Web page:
Blues Calling by Barrelhouse Chuck
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Description of Blues Calling by Barrelhouse Chuck
Released by Viola
Available in Audio CD format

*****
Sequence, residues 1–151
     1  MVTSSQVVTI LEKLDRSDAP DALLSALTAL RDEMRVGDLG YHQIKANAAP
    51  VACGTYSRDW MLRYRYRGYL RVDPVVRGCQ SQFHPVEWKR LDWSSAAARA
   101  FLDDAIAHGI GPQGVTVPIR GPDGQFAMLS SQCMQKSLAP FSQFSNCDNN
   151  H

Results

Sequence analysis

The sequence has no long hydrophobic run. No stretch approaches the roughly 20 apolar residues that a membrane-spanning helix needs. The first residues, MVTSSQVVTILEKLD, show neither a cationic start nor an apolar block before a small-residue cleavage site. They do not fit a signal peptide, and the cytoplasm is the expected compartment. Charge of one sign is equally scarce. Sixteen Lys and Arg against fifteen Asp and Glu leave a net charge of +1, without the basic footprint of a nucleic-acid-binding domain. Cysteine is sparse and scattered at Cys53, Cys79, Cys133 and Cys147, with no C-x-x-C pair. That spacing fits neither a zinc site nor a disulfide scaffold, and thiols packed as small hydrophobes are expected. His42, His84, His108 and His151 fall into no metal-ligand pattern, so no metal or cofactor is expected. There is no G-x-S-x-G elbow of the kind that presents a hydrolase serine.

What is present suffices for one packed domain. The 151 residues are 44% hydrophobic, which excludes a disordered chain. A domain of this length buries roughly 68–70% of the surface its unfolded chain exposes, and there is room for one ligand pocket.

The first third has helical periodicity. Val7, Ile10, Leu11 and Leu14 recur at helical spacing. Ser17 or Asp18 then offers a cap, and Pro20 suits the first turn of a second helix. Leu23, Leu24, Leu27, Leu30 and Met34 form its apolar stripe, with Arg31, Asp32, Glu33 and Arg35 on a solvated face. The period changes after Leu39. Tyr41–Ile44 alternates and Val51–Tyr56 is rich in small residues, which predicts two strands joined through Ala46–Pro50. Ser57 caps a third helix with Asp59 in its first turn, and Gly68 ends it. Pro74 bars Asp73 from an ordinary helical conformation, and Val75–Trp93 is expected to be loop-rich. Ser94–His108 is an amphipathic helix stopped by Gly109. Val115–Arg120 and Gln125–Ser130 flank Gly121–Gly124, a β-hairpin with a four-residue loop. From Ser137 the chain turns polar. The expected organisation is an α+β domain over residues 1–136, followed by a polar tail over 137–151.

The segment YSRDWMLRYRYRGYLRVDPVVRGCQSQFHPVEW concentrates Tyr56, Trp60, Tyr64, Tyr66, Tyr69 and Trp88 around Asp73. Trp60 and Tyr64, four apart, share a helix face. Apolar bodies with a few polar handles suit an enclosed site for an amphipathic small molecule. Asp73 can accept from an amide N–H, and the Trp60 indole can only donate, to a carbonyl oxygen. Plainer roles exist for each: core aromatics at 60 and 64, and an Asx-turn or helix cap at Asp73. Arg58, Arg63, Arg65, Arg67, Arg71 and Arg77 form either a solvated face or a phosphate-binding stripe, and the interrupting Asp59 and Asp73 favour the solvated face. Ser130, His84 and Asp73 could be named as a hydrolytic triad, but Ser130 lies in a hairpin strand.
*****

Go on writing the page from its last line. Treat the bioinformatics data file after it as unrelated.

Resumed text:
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With the recent loss of Pinetop Perkins and Detroit Jr. it becomes more acutely aware than ever that the piano blues is a dying art form. There's only a handful of old timers keeping the tradition alive such as Henry Gray and Ernest Lane. Barrelhouse Chuck represents one of the few younger generation pianists (he's 52) and has been well schooled in the art as he demonstrates on this fabulous excellent CD! The tracks here showcase the commanding piano work and wonderful vocals of Barrelhouse Chuck, alone and in top form covering Leroy Carr (Barrelhouse Woman/Ain't Got No Money Now/Six Cold Feet In The Ground), Little Brother Montgomery (I Keep On Drinking), Robert Nighthawk (Anna Lee), Pinetop Perkins (Gigolo) and top-shelf originals like Blues For Little Brother Montgomery, and Half Of A Pint Boogie (with help from Erwin Helfer) There's little question as to what Barrelhouse Chuck has to offer blues fans - he's a respected master of a dwindling art - the evidence lies in his growing catalog. Chuck has paid his dues the time honored way by apprenticing with piano masters such as Sunnyland Slim, Pinetop Perkins, Lafayette Leake, Detroit Jr, Big Moose Walker, Blind John Davis and Little Brother Montgomery. Chuck spent 16 years studying with Sunnyland who he calls "the great-granddaddy of all the blues piano players." He also formed a special bond with piano legend Little Brother Montgomery, living with and taking care of brother to the last day of his life. He honed his craft working and recording with a who's who of Chicago legends like Otis Rush, Louis Myers, Jimmy Rogers, Buddy Guy, Hubert Sumlin, Eddie Taylor, Smokey Smothers, Floyd Jones, Kim Wilson, James Cotton, S.P. Leary, and many, many others. Whether playing solo or with a group Chuck is a terrific two fisted piano player steeped in the Chicago tradition of guys like Little Johnny Jones, Big Maceo, Leroy Carr, Otis Spann and of course Sunnyland and Little Brother. He also happens to be a very good vocalist. Chuck's piano playing is best appreciated on solo numbers like the wistful Little Brother number "Keep On Drinking" where he sounds uncannily like his former mentor both on piano and vocally, the storming boogie-woogie of "Viola's Stomp" just backed by fleet fingered Ben Andrews on guitar. Chuck goes back to 1934 to revive Leroy Carr's depression era classic "Ain't Got No Money Now. While the great era of Chicago blues piano is past we hear the ghosts of those greats in the marvelous playing of Barrelhouse Chuck who keeps the flame burning bright on the thoroughly satisfying " Blues Calling" I'd have to say Chicago Blues Piano are alive and kicking based on this one! Buy it and I guarantee that you will play it over and over again. Essential, smoldering, and lowdown!